What gives me hope is that if the threat is clear, we are able to focus. War economy comes to mind. If we stop fighting with each other (left and right) and focus on the threat to our joint survival (and don’t externalise it through getting involved in another overseas war), a different world is possible. Imagine if all newspapers and media devoted a large part of their attention to a single topic: building a new society to mitigate the impacts of peak oil and climate change. That would change perceptions and be a debate worth having. It will be a debate that will be had, but the later we leave it, the fewer options will be open to us and the harder it will be

  21. seawork

    Before there is any change to the electoral system there needs to be a revolution in education.
    How can the average voter decide on policy matters ( even if the pollies stuck to them) when 50% of the voters are just about illiterate?

  22. Roswell

    The Fathers of our Constitution wanted the States to retain as much power as possible. On that issue alone, the Consitution needs an overhaul.

  23. mikestasse

    State governments should be structured the same way.

    I think they should be done away with entirely………

  24. Dagney J. Taggart

    Interesting idea Kaye, however isn’t there a danger in having the PSB select the candidates? How do they determine who is suitable? What is to prevent them stacking the candidates based on their own ideology?

    I think individual states have passed their use by date, and we should have uniform laws and regulations across the country. But that is not a change that can come quickly.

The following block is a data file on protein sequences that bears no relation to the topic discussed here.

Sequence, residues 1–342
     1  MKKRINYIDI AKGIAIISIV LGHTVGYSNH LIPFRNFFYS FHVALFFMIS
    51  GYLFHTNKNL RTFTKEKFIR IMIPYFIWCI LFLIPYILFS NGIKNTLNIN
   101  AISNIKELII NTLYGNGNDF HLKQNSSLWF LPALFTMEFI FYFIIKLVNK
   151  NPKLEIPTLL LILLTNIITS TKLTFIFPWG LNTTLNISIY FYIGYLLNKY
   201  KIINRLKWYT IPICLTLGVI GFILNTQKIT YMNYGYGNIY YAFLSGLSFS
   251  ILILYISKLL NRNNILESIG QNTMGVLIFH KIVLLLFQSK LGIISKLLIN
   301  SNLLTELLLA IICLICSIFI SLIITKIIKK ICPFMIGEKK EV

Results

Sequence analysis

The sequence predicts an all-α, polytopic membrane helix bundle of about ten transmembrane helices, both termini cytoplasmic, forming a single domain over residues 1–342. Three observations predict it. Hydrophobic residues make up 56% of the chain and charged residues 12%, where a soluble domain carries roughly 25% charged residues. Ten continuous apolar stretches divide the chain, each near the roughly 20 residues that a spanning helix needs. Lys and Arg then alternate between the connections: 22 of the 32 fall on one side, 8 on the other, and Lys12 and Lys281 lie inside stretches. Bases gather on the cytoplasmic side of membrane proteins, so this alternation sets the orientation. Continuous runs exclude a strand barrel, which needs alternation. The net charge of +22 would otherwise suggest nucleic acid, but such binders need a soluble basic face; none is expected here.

Mobius, you are right – a lot of the inefficiency in Defence (and other government departments) comes from the government itself. Rules upon rules, mandatory policy for just about everything. Success is measured on compliance with policy, not real outcomes.There are no rewards for taking risks, going the extra mile or being innovative. When I worked in private industry, everyone received a bonus for meeting monthly sales goals. Admittedly, the bonus was big, but it was something extra to work for. What is there in the public service?

    Not sure about the Swiss referendum thing – will have to do some research on it, although The Rise and Rise of Michael Rimmer keeps bobbing around my thoughts on this. There is some guy on Piers Akerman’s blog that keeps bringing it up.

    Be back when I’ve done some reading.

  25. Stephen Tardrew

    Kaye posting this again out of pure frustration.

    Spelling, smelling, punctuation. What is this that those who may not be articulate or do not have excellent literacy skill should be demeaned or excluded. I thought I lived in a democracy. This is the sort of elitism that excludes ordinary people who have useful opinions but lack verbal or written acuity. It’s time the wingers gave it a bloody miss. Try being dyslexic and see how you get on. Tony Abbot represents everything detestable about capitalism and neoconservatism and you worry and demean others in the name of some superior intent. Leave off please.

  26. Stephen Tardrew

    My heavens the US is a republic. These bastards can screw up anything in the name of self-righteous oligarchic greed. It’s people who need to change not just the structure of government. As posted recently Cornell University released research that demonstrate that most US citizens think they live in an oligarchy not a democracy. Research demonstrates that it is neigh on impossible to fight the dominant elites even if 80% to 90% of voters think otherwise. For example a weapons registry and gun licensing system. The NRA is more powerful than the majority of voters opinions. The fox is already in the hen-house and we are being summarily disenfranchised.

  27. philasophigas

    The model sounds cool but where is the path to it? W need to enlist the moderates. We need to change mins in our community.

  28. philasophigas

    Embarrassing… I meant: The model sounds cool but where is the path to it? We need to enlist the moderates. We need to change minds in our community.

  29. Kaye Lee


    I think our one chance for radical change will be when we become a republic when we can adopt whatever model we choose. I just want people to start thinking and making suggestions about how we can change. My article is a flight of fancy for now.

  30. mikestasse